Cambridge Dictionaries online Cambridge Dictionaries online

The most popular online dictionary and thesaurus for learners of English

English definition of “penetrate”

penetrate

verb uk   /ˈpen.ɪ.treɪt/ us  

penetrate verb (MOVE INTO)

[I or T] to move into or through something: Amazingly, the bullet did not penetrate his brain. In a normal winter, the frost penetrates deeply enough to kill off insect eggs in the soil. [ T] to succeed in becoming part of an organization, etc. and working within it : The organization had been penetrated by a spy. The company has been successful in penetrating overseas markets this year (= it has started selling its products in them). [I or T] to reach or affect something: These changes had not yet penetrated as far west as the mountains of Merioneth. [T] If your eyes penetrate somewhere dark, you manage to see through it: Our eyes couldn't penetrate the dark/the gloom of the inner cave. [T] When a man penetrates his partner during sex, he puts his penis into his or her body.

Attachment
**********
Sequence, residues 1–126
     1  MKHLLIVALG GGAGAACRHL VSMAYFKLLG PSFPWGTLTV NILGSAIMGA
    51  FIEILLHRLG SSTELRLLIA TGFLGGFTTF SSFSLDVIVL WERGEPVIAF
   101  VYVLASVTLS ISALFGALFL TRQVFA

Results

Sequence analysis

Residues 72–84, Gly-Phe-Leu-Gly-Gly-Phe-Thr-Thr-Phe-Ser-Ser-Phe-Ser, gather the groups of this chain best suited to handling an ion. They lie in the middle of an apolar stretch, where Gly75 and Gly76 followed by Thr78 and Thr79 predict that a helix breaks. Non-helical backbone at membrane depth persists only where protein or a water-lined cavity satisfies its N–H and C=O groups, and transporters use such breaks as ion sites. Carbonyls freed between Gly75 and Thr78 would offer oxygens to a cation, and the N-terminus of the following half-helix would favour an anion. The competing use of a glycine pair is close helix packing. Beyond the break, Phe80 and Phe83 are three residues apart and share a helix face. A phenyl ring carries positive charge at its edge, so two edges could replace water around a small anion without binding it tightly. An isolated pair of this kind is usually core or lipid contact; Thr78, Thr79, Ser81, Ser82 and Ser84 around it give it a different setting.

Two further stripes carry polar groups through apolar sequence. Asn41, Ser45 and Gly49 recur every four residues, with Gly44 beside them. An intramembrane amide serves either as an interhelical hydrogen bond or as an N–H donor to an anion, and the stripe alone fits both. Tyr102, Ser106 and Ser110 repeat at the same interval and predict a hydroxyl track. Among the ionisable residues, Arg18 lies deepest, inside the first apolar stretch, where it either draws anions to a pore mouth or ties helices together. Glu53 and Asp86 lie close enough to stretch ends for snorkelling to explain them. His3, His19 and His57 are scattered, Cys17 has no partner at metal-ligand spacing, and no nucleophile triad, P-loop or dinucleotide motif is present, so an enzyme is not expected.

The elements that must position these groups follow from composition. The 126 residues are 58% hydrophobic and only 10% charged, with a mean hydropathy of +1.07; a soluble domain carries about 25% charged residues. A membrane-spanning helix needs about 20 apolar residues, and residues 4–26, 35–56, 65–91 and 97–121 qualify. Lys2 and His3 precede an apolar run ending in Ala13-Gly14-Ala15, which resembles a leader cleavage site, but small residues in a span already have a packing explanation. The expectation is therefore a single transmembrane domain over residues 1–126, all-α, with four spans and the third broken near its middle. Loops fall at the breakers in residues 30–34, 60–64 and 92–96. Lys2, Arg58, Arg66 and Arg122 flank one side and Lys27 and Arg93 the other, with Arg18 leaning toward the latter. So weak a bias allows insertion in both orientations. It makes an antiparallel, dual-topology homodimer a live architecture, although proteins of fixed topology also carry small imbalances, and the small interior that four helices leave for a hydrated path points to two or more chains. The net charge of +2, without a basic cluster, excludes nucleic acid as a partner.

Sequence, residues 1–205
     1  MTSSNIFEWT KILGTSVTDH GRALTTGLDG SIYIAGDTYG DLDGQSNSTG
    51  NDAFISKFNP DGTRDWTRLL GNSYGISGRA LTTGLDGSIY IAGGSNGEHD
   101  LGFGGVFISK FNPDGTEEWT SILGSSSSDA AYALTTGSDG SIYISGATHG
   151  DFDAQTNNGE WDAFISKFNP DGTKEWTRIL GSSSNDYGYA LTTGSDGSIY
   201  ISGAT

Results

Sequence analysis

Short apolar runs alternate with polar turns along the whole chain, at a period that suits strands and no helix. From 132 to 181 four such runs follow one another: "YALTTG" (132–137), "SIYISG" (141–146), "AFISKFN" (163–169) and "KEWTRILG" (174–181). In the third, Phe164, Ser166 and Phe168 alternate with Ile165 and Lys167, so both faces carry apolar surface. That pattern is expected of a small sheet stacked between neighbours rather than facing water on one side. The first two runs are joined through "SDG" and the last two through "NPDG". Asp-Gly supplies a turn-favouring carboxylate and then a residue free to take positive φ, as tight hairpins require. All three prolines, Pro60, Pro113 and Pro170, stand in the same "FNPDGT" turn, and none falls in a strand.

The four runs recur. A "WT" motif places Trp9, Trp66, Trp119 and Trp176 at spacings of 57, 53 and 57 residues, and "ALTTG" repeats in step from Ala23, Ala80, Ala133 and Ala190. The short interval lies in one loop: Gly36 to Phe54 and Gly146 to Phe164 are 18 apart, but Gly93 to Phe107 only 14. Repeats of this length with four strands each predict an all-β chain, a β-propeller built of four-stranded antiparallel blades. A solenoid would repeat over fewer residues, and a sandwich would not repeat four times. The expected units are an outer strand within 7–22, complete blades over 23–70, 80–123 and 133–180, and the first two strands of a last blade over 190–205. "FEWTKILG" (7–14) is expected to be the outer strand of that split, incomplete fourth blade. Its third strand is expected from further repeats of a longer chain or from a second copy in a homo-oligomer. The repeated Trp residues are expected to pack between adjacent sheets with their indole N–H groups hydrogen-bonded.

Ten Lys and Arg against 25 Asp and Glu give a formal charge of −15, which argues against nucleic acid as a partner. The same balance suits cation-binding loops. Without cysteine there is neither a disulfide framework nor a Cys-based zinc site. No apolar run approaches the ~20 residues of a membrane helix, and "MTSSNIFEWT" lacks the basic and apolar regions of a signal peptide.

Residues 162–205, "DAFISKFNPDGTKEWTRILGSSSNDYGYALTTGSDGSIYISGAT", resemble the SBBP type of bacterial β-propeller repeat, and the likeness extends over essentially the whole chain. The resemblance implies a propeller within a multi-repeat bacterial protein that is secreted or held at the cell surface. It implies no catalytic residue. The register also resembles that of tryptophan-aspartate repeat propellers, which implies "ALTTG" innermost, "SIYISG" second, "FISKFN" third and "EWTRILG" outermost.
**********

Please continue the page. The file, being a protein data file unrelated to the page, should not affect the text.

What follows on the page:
penetrate verb (UNDERSTAND)

[I or T] to study or investigate something in order to understand it: It's hard to penetrate her mind. He penetrates deeper into the artist's life in the second volume of his autobiography.
(Definition of penetrate from the Cambridge Advanced Learners Dictionary & Thesaurus © Cambridge University Press)
What is the pronunciation of penetrate?
Add Cambridge dictionaries to your browser to your website

Definitions of “penetrate” in other dictionaries

Word of the Day

hello stranger

said to a person that you know but have not seen for a long time

Word of the Day

Come on – you can do it! Phrasal verbs with ‘come’.

by Liz Walter​,
November 19, 2014
As part of an occasional series on the tricky subject of phrasal verbs, this blog looks at ones formed with the verb ‘come’. If you are reading this blog, I’m sure you already know come from, as it is one of the first things you learn in class: I come from Scotland/Spain.

Read More 

silver splicer noun

November 17, 2014
informal a person who marries in later life Newly retired and now newlywed – rise of the ‘silver splicers’ Reaching pension age becomes a trigger to tie the knot as baby-boomers begin to redefine retirement

Read More